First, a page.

I think this will be my next project.

I think this will be my next project.

A message from Anonymous


haha hello

Halt. Who goes there?

jtotheizzoe:

Scientists discover living power cables made from bacteria
If someone told you that the shallow seabeds of Northern Europe were full of buried electrical wiring, you might say “Yeah, internet and phone and stuff. So what?” But what if that person told you that the wiring was alive?
Don’t worry. They aren’t crazy. Danish scientists have described a bacterium that can assemble itself into filaments many centimeters long (which is cool by itself), and use those filaments to conduct electrical currents! One square meter of seabed can have kilometers of bacterial cable beneath it!! So how does it work?
Decomposing materials deep in the mud are digested by all kinds of microorganisms and create “sulphide” compounds. These sulphides transfer electrons to one buried end of the bacterial chain, who then transfer it up to the water-exposed end where those electrons can be used to harvest oxygen for metabolism. Just like we do in our cells!
Only they do it via a way cooler method than we do. I really don’t know what’s more interesting, that these are multicellular bacteria (for all intents and purposes), or that they are basically living electrical wires. 
Here’s the paper in Nature, if you have access.
(via io9)

jtotheizzoe:

Scientists discover living power cables made from bacteria

If someone told you that the shallow seabeds of Northern Europe were full of buried electrical wiring, you might say “Yeah, internet and phone and stuff. So what?” But what if that person told you that the wiring was alive?

Don’t worry. They aren’t crazy. Danish scientists have described a bacterium that can assemble itself into filaments many centimeters long (which is cool by itself), and use those filaments to conduct electrical currents! One square meter of seabed can have kilometers of bacterial cable beneath it!! So how does it work?

Decomposing materials deep in the mud are digested by all kinds of microorganisms and create “sulphide” compounds. These sulphides transfer electrons to one buried end of the bacterial chain, who then transfer it up to the water-exposed end where those electrons can be used to harvest oxygen for metabolism. Just like we do in our cells!

Only they do it via a way cooler method than we do. I really don’t know what’s more interesting, that these are multicellular bacteria (for all intents and purposes), or that they are basically living electrical wires

Here’s the paper in Nature, if you have access.

(via io9)

"He is, by any measure, unqualified to make decisions about science, space, and technology."

Bill Nye

He’s discussing Rep. Paul Broun (R-Ga.), who is known for two things:

  1. Asserting that evolution and the Big Bang theory are “all lies straight from the pit of Hell.”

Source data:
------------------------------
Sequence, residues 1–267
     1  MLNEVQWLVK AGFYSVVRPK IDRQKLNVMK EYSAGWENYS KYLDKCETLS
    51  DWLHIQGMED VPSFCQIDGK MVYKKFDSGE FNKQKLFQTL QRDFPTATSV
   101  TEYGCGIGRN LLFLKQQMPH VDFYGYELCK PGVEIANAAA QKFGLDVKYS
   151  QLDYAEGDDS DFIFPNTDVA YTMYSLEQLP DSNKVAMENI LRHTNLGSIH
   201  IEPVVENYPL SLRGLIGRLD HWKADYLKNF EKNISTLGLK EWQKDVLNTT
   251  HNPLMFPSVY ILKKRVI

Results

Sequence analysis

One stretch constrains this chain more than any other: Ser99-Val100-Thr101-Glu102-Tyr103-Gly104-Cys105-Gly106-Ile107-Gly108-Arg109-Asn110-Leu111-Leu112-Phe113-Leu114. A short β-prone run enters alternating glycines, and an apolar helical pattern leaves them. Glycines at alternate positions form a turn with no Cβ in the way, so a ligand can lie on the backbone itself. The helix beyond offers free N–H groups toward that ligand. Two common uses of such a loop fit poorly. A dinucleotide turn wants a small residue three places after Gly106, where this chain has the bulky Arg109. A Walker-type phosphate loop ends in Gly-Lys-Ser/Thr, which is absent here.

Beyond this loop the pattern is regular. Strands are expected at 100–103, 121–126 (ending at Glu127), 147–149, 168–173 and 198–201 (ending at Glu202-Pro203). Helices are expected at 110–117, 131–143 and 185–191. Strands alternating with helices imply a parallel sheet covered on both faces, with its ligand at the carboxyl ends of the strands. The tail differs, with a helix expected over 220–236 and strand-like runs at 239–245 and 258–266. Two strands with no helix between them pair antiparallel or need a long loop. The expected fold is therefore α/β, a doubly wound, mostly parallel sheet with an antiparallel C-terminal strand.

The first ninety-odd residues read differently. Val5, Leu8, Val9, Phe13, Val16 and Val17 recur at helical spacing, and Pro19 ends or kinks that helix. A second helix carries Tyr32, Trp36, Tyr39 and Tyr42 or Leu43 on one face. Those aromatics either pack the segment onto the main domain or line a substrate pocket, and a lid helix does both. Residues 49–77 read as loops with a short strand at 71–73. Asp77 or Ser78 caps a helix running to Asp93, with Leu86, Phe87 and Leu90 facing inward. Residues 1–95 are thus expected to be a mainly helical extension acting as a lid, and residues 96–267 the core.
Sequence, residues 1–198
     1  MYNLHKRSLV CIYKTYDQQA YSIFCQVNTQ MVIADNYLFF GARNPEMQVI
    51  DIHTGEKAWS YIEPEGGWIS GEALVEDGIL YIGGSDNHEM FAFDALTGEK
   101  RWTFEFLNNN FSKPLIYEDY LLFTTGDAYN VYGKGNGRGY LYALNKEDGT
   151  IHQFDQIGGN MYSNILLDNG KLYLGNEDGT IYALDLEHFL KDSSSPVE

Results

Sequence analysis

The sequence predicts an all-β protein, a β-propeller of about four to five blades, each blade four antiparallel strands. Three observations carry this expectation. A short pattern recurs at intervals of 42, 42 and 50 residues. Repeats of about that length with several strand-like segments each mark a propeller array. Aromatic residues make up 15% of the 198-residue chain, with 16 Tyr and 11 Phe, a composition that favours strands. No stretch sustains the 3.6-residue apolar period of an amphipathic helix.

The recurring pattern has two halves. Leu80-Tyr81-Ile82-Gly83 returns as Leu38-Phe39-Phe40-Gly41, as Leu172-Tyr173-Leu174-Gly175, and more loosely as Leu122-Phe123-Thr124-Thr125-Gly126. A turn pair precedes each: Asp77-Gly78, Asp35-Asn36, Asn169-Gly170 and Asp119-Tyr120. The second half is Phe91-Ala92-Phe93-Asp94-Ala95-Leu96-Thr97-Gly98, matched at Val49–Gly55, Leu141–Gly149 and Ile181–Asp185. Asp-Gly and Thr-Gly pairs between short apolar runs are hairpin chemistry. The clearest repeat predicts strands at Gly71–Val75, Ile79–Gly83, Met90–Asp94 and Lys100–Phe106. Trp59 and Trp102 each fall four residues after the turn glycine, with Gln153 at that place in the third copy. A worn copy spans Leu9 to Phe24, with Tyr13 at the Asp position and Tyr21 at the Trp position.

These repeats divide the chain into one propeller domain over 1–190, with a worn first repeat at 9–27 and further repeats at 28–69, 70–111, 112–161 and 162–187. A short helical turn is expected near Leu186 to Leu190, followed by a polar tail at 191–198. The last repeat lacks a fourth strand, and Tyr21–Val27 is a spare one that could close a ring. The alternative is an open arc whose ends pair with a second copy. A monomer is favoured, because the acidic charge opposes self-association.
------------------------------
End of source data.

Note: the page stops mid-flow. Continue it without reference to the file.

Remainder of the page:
2. Serving on the House Committee on Science, Space, and Technology.

Can’t change #1, but I think we should change #2.

(via jtotheizzoe)

How a nutcase like Broun got elected, let alone serve on a House Committee, should be looked into. There’s no way you can be that dumb, have a position, and not be backed by someone or something with a few strings to pull. On that note, anyone with any position in this society had to be. -_-

gordo10bx:

STOP complaining.

gordo10bx:

STOP complaining.

experialist:

Cyborg Flesh.
Harvard researchers have interwoven nanowires and transistors into tissue, allowing them to interface directly with cells and provide feedback as to the current state of the tissue. Pretty nifty and very (potentially) useful: 

Suffice it to say, if you can use a digital computer to read and write data to your body’s cells, there are some awesome applications. If you need a quick jolt of adrenaline, you would simply tap a button on your smartphone, which is directly connected to your sympathetic nervous system. You could augment your existing physiology with patches — a patch of nanoelectric heart cells, for example, that integrates with your heart and reports back if you experience any problems. When we eventually put nanobots into our bloodstream, small pulses of electricity emitted by the cells could be used as guidance to damaged areas. In the case of blood vessels and other organs, the nanoelectric sensor network could detect if there’s inflammation, blockage, or tumors.


Fascinating.

experialist:

Cyborg Flesh.

Harvard researchers have interwoven nanowires and transistors into tissue, allowing them to interface directly with cells and provide feedback as to the current state of the tissue. Pretty nifty and very (potentially) useful: 

Suffice it to say, if you can use a digital computer to read and write data to your body’s cells, there are some awesome applications. If you need a quick jolt of adrenaline, you would simply tap a button on your smartphone, which is directly connected to your sympathetic nervous system. You could augment your existing physiology with patches — a patch of nanoelectric heart cells, for example, that integrates with your heart and reports back if you experience any problems. When we eventually put nanobots into our bloodstream, small pulses of electricity emitted by the cells could be used as guidance to damaged areas. In the case of blood vessels and other organs, the nanoelectric sensor network could detect if there’s inflammation, blockage, or tumors.

Fascinating.

indigenous2:

Mexican-American Gothic (2010) by Santiago Forero

indigenous2:

Mexican-American Gothic (2010) by Santiago Forero